For Sforza Pallavicino, these reliquaries are precious because they contain relics of saints he loves, whom he believes advocate and intercede for him, and protect him. Other objects are important because they are tokens of past relationships, valued by others who had given them to him as acts of friendship, charged with personal significance and memory. He in turn gives them to his closest friends, demonstrating how objects circulate as signs of emotional investment and attachment between people.
Lisa Beaven is a Postdoctoral Research Fellow at The University of Melbourne. Her doctoral research involved reconstructing the collecting and art patronage of Cardinal Camillo Massimo (1620-1677) in seventeenth century Rome (2001, University of Melbourne). She has continued to research art patronage and collecting, concentrating in particular on the paintings of Claude Lorrain in relation to place. Her research interests are concentrated in the area of patronage and art collecting in seventeenth century Rome, on the architecture and urbanism of the city, and on the nature of visual culture and the Catholic church in early modern Europe. Other research interests include digital mapping, travel writing, relics and the relationship between Catholicism and antiquarianism in the seventeenth century.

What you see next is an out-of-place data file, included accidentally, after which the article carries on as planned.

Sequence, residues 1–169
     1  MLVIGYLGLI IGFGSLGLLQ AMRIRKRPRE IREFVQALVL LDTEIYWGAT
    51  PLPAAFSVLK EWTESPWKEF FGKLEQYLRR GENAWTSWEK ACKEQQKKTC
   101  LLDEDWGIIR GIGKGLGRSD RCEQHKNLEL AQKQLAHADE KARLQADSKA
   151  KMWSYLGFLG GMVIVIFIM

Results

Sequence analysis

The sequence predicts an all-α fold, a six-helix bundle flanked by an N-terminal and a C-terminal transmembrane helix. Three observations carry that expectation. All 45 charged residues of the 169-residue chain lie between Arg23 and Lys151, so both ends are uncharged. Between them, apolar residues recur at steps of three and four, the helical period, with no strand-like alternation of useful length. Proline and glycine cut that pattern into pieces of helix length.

Further explorations of the affective impact of material culture can be found in the Objects and Emotions Research Cluster.
 Jules David Prown, ‘The Truth of Material Culture: History or Fiction?’, in American Artifacts: Essays in Material Culture, ed. Jules Dabid Prown and Kenneth Haltman (East Lansing: Michigan State University Press, 2000), 6.
 This terminology is indebted to Sara Ahmed’s terminology and discussion of how the objects of emotion circulate through culture. See Sara Ahmed, The Cultural Politics of Emotion(New York: Routledge, 2004), 11.
 Ahmed, The Cultural Politics of Emotion, 8.